“This decision used our testimony to the Danish Immigration Service of the Country of Origin (COI) report on Damascus, but we do not recognize our views in further conclusions or policies. According to the government and we also do not think that Denmark’s Syrian refugee policy fully reflects actual conditions on the ground, ”the statement said.

The war in Syria has claimed the lives of hundreds of thousands and displaced the population.

About 32,000 Syrian refugees have settled in Denmark since 2011. Five thousand have received asylum and temporary residence permits because of the dangerous security situation in the Middle Eastern country – not because they were swarmed. personal pressure.

Syrians from Damascus and the Rif Damascus that have been granted this temporary protection will have their residence permits reassessed.

The decision came into effect in December 2019, when the Refugee Appeals Board argued that Damascus was safe enough to return to people who had not been suppressed by al-Assad’s administration.

In February 2021, this security assessment was also applied to Rif Damascus.

“Many of the people affected by this decision are vulnerable refugees: families, women and children. They fled the war and could not prove that they were oppressed by the regime personally, so they only received temporary protection, ”said Martin Lemberg-Pedersen.

“People have settled here, some have completed education and they have built lives here. And now many people will lose all their rights and be forced into the so-called leaving position. “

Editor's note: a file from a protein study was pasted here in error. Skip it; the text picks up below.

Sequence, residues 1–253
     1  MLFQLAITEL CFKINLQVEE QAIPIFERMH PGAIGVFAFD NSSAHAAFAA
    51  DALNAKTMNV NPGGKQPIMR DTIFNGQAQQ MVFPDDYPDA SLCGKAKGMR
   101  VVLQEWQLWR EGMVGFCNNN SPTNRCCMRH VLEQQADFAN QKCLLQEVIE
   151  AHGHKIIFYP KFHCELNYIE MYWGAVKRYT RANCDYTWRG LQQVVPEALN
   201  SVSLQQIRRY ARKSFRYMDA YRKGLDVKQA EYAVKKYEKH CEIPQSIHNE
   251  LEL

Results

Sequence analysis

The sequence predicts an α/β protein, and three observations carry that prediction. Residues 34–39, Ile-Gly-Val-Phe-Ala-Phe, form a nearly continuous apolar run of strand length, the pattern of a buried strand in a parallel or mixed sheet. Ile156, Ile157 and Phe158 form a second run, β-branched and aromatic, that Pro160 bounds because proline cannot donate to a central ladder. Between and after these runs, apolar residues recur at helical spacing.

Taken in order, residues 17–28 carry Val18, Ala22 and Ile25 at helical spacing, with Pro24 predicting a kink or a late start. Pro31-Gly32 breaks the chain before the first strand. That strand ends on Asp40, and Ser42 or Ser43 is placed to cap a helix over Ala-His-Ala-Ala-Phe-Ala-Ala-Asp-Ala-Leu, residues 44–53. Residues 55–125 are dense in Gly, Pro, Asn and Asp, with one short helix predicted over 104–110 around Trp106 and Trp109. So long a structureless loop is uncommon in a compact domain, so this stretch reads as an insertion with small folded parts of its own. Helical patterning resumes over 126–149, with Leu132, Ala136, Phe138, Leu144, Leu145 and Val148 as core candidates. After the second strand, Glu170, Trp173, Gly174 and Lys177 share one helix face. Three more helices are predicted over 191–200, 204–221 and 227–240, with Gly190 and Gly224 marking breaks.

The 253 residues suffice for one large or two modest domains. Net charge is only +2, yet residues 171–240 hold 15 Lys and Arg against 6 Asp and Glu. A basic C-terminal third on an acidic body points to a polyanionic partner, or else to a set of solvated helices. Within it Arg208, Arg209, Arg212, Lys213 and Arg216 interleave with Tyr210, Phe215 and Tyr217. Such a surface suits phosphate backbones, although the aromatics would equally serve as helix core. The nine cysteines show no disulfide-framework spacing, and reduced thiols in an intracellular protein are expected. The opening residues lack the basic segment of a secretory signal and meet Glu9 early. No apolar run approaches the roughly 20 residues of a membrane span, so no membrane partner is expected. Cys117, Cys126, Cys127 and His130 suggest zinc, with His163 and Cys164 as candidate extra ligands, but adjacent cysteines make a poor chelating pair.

Other countries like Sweden and the UK have also regulated that general security in Damascus has improved significantly, but neither country has come to a decision that Syrians can return safely after years of living. exile in a foreign country.

Everyone carries the banner ‘#Refugees Welcome Solidarity’ during the rally in Aarhus, Denmark, September 12, 2015 [File: Sergey Polezhaka/Reuters]

Denmark has no formal diplomatic relations with Syria and cannot force the repatriation of people if they refuse to leave voluntarily.

Most will end up at one of Denmark’s “departure centers”, where conditions have been described by the European Commission on Torture Prevention (CPT) as one of the worst in Europe. .

“Deportation centers are like open prisons. You cannot work, meaning you have no money, you cannot study and you are not allowed to cook your own food, ”said Michala Bendixen, founder of the Refugees Welcome activity group.

“No activity at all. They are purposefully designed to discourage people as much as possible so people give up and leave Denmark ”.

Radwan Jomaa, a husband and father of three, has lost his residence permit.

Returning to Syria was not an option, he said, as he was wanted by the government for his opposition activities. He is currently awaiting a ruling on his final appeal.

“If we lose the case, I’ll have to live with my family in this place (detention center) that’s supposed to be worse than the prison. Going back to Damascus would mean death for us, ”Jomaa told Al Jazeera.

Meanwhile, Sageda Salem is also preparing to fight for the right to continue living in Denmark, pending a decision by the immigration authority.

“I will do whatever I can to fight for the right to stay here, because I will never go back to Syria in my lifetime,” she said.